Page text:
Additionally, AI can help lower costs for both patients and health care organizations while providing better care. “If AI can help us to diagnose disease earlier and with more accuracy, the impact on reducing the cost of patient care can be significant,” Newell said.

“For example, a patient with early-stage COPD spends about $1,600 [per] year on care versus a patient with advanced-stage COPD who spends nearly $11,000 [per] year. COPD is often diagnosed later in the disease process, so any tools that can help providers identify it early can have a massive impact on population health care costs.”

Despite the opportunities AI provides for the health care industry, humans will always be needed — and AI doesn’t aim to entirely displace them. “With all the AI in the world, [there’s still] a certain level of empathy that comes in health care,” Kapadia said, noting that, like comforting a child with a sore throat, AI isn’t needed for that.


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Tech News

Google quietly releases Android 11 public beta with few notable features

After canceling its planned Android 11 Beta Show YouTube livestream for June 3, Google Wednesday dropped the first public Android 11 beta for Pixel 2 phones and later. But if you’ve been itching to try out a bunch of new features on your Pixel, you’re not going to find much new.

The biggest changes are with message notifications. While the Notification Shade and general functionality remain, Google has added a new Conversations tab to the shade. Your messages are automatically grouped and sorted, so you don’t have to scroll through a bunch of random notifications to find the important ones. You’ll also be able to prioritize messages in the window, which will pin them to the top for easier tracking.

The other new messaging feature, Bubbles, is the most visible and potentially the most annoying addition in Android 11. As the name suggests, Bubbles, are small circles that populate your screen. When you create a Bubble by tapping the PIP (picture-in-picture) icon in a notification, a small circle will appear on your screen with the person’s picture in it—or more likely the first letter of their name against a solid color, because who really takes the time to add pictures to their contacts?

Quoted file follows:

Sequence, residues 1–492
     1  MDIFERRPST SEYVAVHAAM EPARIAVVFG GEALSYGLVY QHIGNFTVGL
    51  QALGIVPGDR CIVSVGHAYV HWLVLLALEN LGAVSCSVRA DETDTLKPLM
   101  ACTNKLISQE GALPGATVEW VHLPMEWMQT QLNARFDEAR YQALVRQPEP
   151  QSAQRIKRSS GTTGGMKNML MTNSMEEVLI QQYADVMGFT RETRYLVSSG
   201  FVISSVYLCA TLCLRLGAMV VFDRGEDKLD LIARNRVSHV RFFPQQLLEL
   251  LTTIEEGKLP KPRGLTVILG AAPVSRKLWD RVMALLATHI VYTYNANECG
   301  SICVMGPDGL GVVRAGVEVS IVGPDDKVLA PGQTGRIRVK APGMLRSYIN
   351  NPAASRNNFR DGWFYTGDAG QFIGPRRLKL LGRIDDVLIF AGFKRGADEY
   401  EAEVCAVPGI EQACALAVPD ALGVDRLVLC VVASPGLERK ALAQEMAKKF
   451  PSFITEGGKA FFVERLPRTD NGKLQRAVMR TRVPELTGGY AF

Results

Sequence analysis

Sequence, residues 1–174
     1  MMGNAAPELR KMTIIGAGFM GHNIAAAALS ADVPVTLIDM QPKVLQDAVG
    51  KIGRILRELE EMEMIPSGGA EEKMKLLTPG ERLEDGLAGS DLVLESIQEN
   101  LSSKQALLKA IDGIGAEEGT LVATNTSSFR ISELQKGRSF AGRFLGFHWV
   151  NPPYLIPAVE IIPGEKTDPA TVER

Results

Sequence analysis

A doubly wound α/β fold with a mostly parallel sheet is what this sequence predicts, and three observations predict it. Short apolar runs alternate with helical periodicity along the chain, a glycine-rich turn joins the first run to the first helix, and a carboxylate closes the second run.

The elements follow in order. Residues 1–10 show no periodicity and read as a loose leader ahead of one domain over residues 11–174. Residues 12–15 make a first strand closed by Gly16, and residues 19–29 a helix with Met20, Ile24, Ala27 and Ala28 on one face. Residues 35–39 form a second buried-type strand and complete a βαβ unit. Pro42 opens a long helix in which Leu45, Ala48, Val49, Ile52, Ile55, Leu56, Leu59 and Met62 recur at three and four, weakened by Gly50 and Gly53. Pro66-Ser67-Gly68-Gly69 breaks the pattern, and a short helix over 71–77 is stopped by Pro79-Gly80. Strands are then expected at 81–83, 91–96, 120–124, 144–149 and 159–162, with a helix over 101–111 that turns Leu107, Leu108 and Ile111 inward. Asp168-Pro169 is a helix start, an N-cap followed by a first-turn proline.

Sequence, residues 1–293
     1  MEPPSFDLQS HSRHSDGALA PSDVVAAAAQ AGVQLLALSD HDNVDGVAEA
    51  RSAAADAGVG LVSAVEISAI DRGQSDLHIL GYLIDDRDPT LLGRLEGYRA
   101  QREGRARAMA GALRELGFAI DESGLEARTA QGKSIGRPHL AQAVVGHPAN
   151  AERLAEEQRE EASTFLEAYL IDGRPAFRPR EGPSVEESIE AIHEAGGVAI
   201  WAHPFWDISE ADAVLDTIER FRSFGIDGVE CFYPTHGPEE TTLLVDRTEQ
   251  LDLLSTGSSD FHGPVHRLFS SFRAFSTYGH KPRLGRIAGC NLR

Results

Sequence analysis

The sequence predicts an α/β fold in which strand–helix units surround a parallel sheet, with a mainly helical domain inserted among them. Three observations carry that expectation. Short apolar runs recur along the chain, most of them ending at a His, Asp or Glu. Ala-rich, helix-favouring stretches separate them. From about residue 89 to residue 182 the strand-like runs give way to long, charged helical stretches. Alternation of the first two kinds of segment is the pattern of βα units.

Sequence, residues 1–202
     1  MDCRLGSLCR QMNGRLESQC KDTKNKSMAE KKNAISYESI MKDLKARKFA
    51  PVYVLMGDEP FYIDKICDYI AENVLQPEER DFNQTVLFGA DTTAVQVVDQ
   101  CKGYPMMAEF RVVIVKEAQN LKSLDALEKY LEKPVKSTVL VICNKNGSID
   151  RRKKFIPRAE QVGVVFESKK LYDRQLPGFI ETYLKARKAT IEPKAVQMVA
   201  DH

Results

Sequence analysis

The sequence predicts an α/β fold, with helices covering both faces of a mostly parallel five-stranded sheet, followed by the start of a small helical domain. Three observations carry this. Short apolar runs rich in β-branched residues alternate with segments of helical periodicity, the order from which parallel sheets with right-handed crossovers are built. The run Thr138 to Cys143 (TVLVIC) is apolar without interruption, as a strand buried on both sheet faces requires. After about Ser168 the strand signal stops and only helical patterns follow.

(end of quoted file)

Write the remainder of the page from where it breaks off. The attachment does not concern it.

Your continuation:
Bubbles will need to be enabled on a per-app basis, and at the moment none of them work. I couldn’t even get the feature to work with Google’s own Android Messages app, although the settings boxes were all checked.

You can tap the bubble to bring up the full conversation without launching the app, but the Bubble will stay on your screen until you act on it or dismiss it. Google says Bubbles are designed “to help you respond and engage with important conversations without switching back and forth between your current task and the messaging app.” But if it didn’t take off when Facebook tried it with Chat Heads in Messenger, I don’t see how it’s going to catch on here.

android 11 bubbles Google

In Android 11, conversations can be turned into bubbles that stay on your screen.

The other very obvious change involves the power menu. Pixel owners got a preview of this in one of the recent feature drops: It adds a wider array of options to the power button beyond the existing controls for shutdown, restart, screenshot, and lockdown. When you hold down the power button, at the top you’ll see the ones you’ll be using most often—Power-off and Restart—as well as a new red Emergency button to quickly call 911. Lockdown is still an option if you’ve enabled it in settings, but you’ll need to tap the three-button overflow menu to see it.

Below that you’ll find you Google Pay cards and passes that were previously accessible in the app. And finally, below that you’ll see your Home Control devices. Similar to the buttons in the Control Center on iOS, your phone will automatically grab these from the Home app, but you can edit what’s there by tapping the menu.

Small tweaks, not sweeping changes

You’ll find other small changes throughout. The Recents screen has a new button at the bottom of the screen for grabbing a screenshot of one of the apps, and Select shows you the text and images that can be copied. Share takes a screenshot and brings up the share sheet.